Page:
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Class size compromise – SFSD, SFEA reach negotiated solution

By Stephen Floyd

Teachers won their class size targets and administrators kept their management flexibility in a tentative contract approved April 18 between The Silver Falls School District (SFSD) and Silver Falls Education Association (SFEA).

The tentative contract was the result of a year of bargaining that saw the parties split on issues of class size, teacher pay, grievances and similar issues. The proposal was finalized at 12:30 a.m. April 18 after a 15-hour mediation session that began the day before.

SFEA members and the SFSD Board must still vote to ratify the contract. The union was expected to consider the matter by late April, while the board could consider the proposal during its next business meeting May 8.

If approved, the contract would be retroactive to the start of this school year, including pay increases, and would expire in 2025.

If a tentative agreement had not been reached, both parties would have been required to accept or reject final proposals April 23. If offers were rejected, the union would have been able to strike.

The proposed contract requires the district to publish class size targets before each school year, and defines a process to address class size challenges.

The targets themselves are defined in a separate memorandum that can be adjusted without re-opening the contract though a committee of teachers and administrators.

Though specific class sizes did not appear in the tentative contract, SFSD said on Facebook the proposal was “the contract our members deserve.”

“Thank you so much to our members and the community for your outpouring of support through the whole process!” said the union.

Shortly afterward negotiations concluded, Assistant Superintendent Dan Busch sent an email to all district staff announcing the decision and thanking those involved.

“Thank you for the hard work and late hours to see this work through,” said Busch.

The tentative agreement said principals and union representatives would work together before each school year to identify potential class size problems based on projected enrollment and staffing. A Class Size Committee would also be created with two union representatives and two appointees of the superintendent to discuss potential class size issues and recommend solutions.

Teachers whose classes exceeded these targets as of Oct. 1 could explore solutions with their principal. Solutions included reassignment of students, restructuring of classrooms, addition to teaching aides, or additional substitute days for teachers to complete out-of-classroom work.

If these potential solutions do not satisfy the problem, a teacher may appeal to the Class Size Committee and must specify why the remedy did not meet their needs.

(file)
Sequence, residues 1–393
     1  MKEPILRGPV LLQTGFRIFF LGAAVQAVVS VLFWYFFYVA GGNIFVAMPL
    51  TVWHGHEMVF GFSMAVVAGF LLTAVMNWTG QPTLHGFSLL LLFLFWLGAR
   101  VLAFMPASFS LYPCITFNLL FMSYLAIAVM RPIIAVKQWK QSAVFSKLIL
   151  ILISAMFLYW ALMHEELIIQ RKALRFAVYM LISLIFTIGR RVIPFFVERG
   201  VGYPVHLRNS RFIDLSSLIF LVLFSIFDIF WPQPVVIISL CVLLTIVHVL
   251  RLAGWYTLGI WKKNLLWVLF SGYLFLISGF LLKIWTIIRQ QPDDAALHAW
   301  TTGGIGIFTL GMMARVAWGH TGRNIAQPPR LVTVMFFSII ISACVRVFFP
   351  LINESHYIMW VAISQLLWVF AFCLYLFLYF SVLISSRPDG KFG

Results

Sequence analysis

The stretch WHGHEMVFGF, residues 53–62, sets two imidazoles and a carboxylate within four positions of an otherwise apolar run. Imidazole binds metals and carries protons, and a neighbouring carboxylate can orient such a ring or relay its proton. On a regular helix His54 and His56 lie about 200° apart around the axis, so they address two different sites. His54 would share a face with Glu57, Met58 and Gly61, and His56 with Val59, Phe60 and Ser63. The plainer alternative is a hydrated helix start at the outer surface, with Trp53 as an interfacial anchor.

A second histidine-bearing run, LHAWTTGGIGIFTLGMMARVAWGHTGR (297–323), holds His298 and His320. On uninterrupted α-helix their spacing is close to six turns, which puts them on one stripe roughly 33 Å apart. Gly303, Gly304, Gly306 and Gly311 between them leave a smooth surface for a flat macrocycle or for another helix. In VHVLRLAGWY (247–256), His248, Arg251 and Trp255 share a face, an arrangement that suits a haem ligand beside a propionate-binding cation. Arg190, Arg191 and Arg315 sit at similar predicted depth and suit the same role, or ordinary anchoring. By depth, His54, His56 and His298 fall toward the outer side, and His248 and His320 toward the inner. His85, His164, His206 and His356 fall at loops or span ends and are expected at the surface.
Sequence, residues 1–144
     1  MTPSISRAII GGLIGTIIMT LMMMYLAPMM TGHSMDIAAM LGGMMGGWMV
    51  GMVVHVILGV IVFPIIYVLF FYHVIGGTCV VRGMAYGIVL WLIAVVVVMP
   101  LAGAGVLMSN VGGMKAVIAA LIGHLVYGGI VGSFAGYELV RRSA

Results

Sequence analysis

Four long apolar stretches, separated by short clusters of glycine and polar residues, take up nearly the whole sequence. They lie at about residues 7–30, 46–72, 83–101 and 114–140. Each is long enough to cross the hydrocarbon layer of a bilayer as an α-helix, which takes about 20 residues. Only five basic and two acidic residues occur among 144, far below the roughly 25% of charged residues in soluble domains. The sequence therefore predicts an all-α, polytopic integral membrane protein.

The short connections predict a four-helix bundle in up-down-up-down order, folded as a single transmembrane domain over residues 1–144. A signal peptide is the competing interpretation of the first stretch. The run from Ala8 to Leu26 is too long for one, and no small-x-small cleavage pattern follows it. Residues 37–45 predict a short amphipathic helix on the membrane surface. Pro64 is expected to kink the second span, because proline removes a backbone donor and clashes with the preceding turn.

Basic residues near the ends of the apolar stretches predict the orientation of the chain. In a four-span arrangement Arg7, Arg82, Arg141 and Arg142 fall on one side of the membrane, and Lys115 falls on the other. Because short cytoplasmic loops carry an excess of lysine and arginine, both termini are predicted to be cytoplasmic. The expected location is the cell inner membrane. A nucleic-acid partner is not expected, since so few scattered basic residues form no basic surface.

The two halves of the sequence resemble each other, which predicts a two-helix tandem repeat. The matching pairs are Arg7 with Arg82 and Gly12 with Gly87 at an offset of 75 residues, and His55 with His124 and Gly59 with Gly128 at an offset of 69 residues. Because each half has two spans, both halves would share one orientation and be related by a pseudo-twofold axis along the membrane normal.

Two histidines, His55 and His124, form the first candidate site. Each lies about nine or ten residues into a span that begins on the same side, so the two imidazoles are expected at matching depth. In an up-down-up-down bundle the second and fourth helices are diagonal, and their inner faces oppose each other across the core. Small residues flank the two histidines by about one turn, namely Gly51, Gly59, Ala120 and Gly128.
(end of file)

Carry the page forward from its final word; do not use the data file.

If the committee decides the solution was inadequate, the teacher would receive a 1.5 percent pay increase, to be paid out of a $30,000 annual pool. Pay increases would end if the pool ran out.

In anticipation of the tentative contract being ratified, SFSD and SFEA entered into a memorandum of agreement, defining class size targets starting the 2023-2024 school year. These targets include:

• 22 students per class in kindergarten.

• 24 students per class in 1st and 2nd grades.

• 26 students per class in 3rd through 5th grades.

• 28 students per class for 6th through 8th grades in self-contained classrooms.

• 180 student contacts per day for most 6th through 12th grade teachers with departmentalized classrooms.

• Between 40 and 60 students assigned to service specialists.

• 350 students assigned to counselors.

The memorandum said the Class Size Committee would meet March 15, 2024, to review these targets and consider any necessary changes. The agreement would expire July 1, 2025, unless otherwise renewed.

Also in the tentative contract was a 5.8 percent cost of living adjustment (COLA) for the current school year, to be paid retroactively upon the date of ratification. Pay increases would be staggered the next two years, with 1.25 percent COLA the first half of the 2023-2024 school year and again in the second half, then a 1.5 percent COLA the first half of the 2024-2025 school year and again in the second half.

For grievances, parties agreed to a proposal where a grievant would submit a written complaint to a principal or appropriate administrator and a decision would be rendered within ten days. The decision could be appealed to the superintendent, then the School Board, and finally to an arbiter. 

Specifically except from this process were grievances regarding the dismissal or contract termination of teacher, which would be resolved with existing state policy.

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